The Tennessee State Library and Archives (TSLA) website offers a variety of online resources. To access them, click on the Tennessee History and Genealogy button on the library's home page. An overview of some of these indexes follows.
Vital Records IndexesIndex to Tennessee Death Records 1908 - 1912In 1908, the state of Tennessee began to register births and deaths. The 1908 - 1912 index contains 98,000 deaths. This represents all extant records for the period. The data in the index includes the name of the deceased, county, year of death and certificate number. Copies of the death certificates can be ordered from TSLA. Please be advised that parents' names are not listed on death certificates from that period.
Statewide Index to Tennessee Death Records This statewide index is part of a long-term project to index all Tennessee death records from 1914 on. It currently covers the two-year period from 1914 to 1916. The data includes name of the deceased, county of death and volume and page number of the death certificate. This index will replace the more limited Partial Index to Tennessee Death Records 1914 - 1925, also found on the website. The Partial Index covers thirty-seven counties but it does not include the records of children under two years of age. It should be noted that, beginning in 1914, death records began to include parent names and date and place of death.
Military RecordsTennessee Confederate Pension Applications Index: Soldiers and WidowsThis alphabetical index includes individuals applying for pensions from three separate rolls that were maintained by the Board of Pension Examiners - soldiers' roll, widows' roll, and African American soldier's roll. The data may include name, pension number, county of residence at the time of application, and soldier's unit.
Tennessee Confederate Soldier's Home Application IndexThe Tennessee Confederate Soldiers' Home opened in 1890. Aging confederate veterans living in Tennessee who wanted to be admitted to the Home had to submit an application to the review board. This database is an index to the applications. It is in alphabetical order by surname and may include the applicant's county of residence, military unit, and date of application. The applications themselves contain more information than this index. There were questions about the applicant's family, birth date, enlistment, wounds and occupation after the war.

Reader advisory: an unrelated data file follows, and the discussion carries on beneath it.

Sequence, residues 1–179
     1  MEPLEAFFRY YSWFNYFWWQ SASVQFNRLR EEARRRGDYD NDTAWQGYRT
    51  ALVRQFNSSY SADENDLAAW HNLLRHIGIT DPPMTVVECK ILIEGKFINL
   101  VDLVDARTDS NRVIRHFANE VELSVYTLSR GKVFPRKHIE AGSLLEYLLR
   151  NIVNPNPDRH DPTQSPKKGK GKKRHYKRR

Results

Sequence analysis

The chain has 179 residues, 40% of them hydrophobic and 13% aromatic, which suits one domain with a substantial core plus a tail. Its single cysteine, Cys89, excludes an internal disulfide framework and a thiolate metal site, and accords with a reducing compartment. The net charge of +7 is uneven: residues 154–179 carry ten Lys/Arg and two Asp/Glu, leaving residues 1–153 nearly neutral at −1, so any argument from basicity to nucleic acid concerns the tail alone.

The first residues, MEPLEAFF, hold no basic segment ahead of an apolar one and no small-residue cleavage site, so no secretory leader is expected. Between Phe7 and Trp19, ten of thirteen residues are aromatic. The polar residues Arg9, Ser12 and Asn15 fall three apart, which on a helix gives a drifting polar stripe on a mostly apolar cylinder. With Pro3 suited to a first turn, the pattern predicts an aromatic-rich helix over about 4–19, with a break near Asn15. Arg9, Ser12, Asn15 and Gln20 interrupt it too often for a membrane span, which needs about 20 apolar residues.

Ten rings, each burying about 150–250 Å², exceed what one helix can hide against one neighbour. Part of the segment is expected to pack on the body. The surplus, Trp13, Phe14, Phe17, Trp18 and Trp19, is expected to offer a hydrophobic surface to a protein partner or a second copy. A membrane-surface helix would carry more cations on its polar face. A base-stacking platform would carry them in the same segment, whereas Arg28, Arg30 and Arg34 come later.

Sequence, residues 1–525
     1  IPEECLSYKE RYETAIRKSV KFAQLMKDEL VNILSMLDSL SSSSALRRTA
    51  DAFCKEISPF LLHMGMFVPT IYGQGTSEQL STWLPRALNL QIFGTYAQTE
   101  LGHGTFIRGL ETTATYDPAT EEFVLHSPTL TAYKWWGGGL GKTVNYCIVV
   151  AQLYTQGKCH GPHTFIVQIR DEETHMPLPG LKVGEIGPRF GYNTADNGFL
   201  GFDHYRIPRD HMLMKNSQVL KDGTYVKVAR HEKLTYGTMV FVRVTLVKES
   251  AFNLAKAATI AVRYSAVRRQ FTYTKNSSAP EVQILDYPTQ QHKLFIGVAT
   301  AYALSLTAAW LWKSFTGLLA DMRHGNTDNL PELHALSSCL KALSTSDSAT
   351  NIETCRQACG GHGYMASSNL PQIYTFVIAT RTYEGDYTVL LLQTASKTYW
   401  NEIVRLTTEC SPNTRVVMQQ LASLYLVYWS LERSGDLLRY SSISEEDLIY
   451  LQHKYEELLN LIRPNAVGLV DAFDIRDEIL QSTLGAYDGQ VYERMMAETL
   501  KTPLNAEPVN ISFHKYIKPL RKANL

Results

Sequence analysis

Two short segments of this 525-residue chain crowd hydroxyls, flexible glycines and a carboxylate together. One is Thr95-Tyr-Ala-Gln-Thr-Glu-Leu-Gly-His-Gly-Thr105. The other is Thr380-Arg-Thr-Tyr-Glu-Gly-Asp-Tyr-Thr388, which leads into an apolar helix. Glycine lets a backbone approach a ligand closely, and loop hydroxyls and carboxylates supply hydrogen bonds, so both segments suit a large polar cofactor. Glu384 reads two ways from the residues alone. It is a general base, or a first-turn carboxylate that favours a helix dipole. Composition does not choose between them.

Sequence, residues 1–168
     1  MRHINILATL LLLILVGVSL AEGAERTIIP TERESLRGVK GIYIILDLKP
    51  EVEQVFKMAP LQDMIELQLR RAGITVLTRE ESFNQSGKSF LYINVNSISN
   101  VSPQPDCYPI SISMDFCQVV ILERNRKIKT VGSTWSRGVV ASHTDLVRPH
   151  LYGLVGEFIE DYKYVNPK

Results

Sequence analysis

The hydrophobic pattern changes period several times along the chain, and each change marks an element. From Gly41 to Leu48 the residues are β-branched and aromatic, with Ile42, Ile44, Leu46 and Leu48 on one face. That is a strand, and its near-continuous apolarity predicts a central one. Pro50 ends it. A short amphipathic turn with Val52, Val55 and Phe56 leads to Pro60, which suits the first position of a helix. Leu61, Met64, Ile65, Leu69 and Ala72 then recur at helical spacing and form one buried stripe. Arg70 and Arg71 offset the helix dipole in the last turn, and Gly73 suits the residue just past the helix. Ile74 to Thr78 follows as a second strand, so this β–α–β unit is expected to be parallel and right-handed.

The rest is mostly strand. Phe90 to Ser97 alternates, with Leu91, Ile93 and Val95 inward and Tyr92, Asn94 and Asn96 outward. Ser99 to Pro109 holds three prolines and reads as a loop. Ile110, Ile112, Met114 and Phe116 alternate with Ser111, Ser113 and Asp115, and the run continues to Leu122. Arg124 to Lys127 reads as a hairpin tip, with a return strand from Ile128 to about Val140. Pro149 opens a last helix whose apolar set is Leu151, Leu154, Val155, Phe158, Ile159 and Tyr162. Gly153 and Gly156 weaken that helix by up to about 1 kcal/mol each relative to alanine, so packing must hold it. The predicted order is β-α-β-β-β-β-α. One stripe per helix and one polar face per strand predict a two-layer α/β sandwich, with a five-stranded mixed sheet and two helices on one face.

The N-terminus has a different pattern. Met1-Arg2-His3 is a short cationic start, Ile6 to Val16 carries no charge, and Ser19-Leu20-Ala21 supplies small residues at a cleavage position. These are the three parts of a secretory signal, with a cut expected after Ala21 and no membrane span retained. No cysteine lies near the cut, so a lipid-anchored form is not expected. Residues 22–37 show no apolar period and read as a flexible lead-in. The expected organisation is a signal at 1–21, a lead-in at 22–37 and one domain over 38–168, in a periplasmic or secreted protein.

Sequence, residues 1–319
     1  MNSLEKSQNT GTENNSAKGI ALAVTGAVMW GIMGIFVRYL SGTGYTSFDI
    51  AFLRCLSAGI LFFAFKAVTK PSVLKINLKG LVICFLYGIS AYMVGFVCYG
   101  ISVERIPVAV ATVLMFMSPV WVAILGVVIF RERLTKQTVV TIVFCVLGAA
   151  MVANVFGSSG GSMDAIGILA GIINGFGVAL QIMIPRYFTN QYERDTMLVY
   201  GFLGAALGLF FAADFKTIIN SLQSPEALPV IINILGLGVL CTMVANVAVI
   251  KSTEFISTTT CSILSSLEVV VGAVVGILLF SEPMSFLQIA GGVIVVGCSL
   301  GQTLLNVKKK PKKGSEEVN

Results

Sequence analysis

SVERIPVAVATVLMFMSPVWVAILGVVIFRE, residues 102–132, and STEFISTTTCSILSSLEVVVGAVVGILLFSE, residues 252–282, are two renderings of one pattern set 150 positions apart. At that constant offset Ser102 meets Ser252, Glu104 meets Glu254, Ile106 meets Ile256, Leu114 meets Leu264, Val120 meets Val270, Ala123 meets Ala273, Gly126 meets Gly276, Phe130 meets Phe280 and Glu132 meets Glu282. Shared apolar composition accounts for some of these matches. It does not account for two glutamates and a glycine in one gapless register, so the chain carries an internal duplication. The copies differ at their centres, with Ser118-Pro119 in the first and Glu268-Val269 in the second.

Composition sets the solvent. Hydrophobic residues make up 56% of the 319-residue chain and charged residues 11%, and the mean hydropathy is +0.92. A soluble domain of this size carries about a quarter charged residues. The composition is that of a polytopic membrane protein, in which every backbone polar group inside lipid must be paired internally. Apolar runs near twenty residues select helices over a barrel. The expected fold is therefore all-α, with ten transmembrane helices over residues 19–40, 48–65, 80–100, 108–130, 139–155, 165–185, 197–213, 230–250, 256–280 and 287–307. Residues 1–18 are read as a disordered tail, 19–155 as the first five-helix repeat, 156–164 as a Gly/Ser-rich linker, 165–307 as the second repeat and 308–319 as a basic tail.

Tennessee Civil War Veterans' Questionnaires (Confederate Soldiers and Federal Soldiers)In 1914, Tennessee State Archivist Dr. Gus Dyer developed a questionnaire that was sent to all living Tennessee Civil War veterans in an effort to gather information about their experiences during the war and about their experiences before and after, as well. The indexes are arranged alphabetically and cover both Confederate and Federal soldiers' responses.
Other Records IndexesInmates of the Tennessee State Penitentiary 1831 - 1850The Tennessee State Penitentiary opened in 1831. This database is an index to ledger volume 43 of the penitentiary records. The index includes the inmate's name, crime committed, the country from which the inmate came and his age.
Southern Claims Commission IndexThis index lists Tennesseans who filed claims with the Southern Claims Commission during the period from 1871 and 1873. These claims were filed by individuals regarding property taken by U. S. military personnel for use in the Civil War. Information found in the index includes the claimant's name, county and the status of the claim.